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Fig. 4

Time sequence of ultrasonic welding with blank holding force

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Fig. 5

Effect of constant BHF on the maximum lap-shear load (the error bars represent mean±stdev)

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Fig. 6

Fracture surfaces of welds performed under constant BHF of (a) 0 N (no blankholder), (b) 1480 N, (c) 2250 N, (d) 3015 N, and (e) 3780 N

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Fig. 7

Weld fractures and signal curves under different releasing times: (a) traditional welding; (b) releasing time of 0.37 s; (c) releasing time of 0.82 s; (d) releasing time of 1.7 s, and (e) no releasing (all samples were welded at welding energy of 800 J and an initial BHF of 2250 N)

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Fig. 8

Measurement of weld area: (a) original weld fracture, (b) binary weld fracture at the center region, and (c) binary weld fracture at the edge region

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Fig. 9

Effect of releasing time on the weld area and maximum lap-shear load under different welding energies: (a) 400 J, (b) 600 J, (c) 800 J, (d) 1000 J, and (e) 1200 J

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Fig. 11

Typical weld fractures and signal curves of welded joints with low lap-shear load (<3000 N): (a) releasing time of 1.32 s; (b) releasing time of 1.48 s; and (c) releasing time of 1.58 s (the three samples were welded at welding energies of 800, 1000, and 1200 J, respectively, and the initial BHF of 2250 N)

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Fig. 10

Effect of energy factor on the weld area and maximum lap-shear load under different welding energies: (a) 400 J, (b) 600 J, (c) 800 J, (d) 1000 J, and (e) 1200 J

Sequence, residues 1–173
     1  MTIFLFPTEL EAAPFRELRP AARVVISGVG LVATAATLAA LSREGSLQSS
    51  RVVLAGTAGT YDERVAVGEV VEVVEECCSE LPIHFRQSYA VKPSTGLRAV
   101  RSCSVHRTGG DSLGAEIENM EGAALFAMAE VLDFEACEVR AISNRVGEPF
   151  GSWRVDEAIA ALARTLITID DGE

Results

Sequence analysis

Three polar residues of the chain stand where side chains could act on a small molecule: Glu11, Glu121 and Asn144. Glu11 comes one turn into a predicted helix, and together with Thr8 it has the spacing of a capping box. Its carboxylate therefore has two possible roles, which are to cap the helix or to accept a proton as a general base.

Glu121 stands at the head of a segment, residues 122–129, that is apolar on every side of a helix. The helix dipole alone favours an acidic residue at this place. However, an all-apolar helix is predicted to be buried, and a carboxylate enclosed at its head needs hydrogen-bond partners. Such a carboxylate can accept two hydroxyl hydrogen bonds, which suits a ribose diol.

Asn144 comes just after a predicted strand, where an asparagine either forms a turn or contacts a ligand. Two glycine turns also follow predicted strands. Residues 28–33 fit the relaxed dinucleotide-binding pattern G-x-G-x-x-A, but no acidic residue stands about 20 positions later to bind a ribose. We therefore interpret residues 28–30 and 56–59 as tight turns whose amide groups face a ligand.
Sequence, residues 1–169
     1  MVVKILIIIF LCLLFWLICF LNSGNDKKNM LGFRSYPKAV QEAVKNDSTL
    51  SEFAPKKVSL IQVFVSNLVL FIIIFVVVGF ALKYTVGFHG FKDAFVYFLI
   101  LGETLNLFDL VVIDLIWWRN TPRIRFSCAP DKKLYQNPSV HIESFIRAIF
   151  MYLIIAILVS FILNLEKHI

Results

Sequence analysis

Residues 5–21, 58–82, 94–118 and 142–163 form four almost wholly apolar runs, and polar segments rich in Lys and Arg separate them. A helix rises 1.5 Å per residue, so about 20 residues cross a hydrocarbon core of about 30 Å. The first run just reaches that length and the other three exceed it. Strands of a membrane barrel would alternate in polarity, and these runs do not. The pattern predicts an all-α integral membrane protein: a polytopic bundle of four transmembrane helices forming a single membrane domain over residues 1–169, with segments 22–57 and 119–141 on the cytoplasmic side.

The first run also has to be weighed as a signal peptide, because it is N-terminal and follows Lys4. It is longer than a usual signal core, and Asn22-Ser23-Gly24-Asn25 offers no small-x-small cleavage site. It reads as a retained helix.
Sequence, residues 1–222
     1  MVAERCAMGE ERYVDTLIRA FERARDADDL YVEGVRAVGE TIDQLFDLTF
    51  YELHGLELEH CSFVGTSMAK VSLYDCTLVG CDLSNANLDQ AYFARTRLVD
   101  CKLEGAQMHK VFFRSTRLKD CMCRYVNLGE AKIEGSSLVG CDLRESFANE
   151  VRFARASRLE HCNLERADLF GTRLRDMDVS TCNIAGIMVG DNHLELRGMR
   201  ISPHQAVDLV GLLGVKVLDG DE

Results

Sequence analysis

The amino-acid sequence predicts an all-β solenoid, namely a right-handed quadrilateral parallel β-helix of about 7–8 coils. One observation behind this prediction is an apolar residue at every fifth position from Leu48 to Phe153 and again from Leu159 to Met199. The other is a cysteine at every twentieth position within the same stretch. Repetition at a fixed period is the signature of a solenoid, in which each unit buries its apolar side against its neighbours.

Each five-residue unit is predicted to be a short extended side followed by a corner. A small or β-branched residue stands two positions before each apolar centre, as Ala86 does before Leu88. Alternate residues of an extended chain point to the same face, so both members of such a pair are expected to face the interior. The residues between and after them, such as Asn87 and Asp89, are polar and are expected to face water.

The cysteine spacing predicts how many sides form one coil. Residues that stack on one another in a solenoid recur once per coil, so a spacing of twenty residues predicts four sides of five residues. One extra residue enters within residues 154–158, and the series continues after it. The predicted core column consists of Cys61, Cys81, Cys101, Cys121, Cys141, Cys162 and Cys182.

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Fig. 16

Simplified model of ultrasonic welding (unit: mm, not to scale)

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Fig. 15

Results of contact imprint tests under different situations: (a) clamping without blankholder, (b) welding without blankholder, (c) clamping with blankholder, (d) welding with blankholder and the BHF was released at early stage, (e) welding with blankholder and the blankholder was released at the critical time, and (f) welding with constant blankholder force

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Fig. 14

Schematic of contact imprint test (not to scale)

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Fig. 13

Typical fractures of welds made with suitable energy factor at welding energy of (a) 400 J, (b) 600 J, (c) 800 J, (d) 1000 J, and (e) 1200 J

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Fig. 12

Effect of welding energy on the (a) maximum lap-shear load and (b) weld area of welded joints made by different methods

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Fig. 18

The amplitude of strain in the x-direction with different E2

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Fig. 19

Action mechanism of the variable BHF

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Fig. 17

Distribution of Young's modulus along x-direction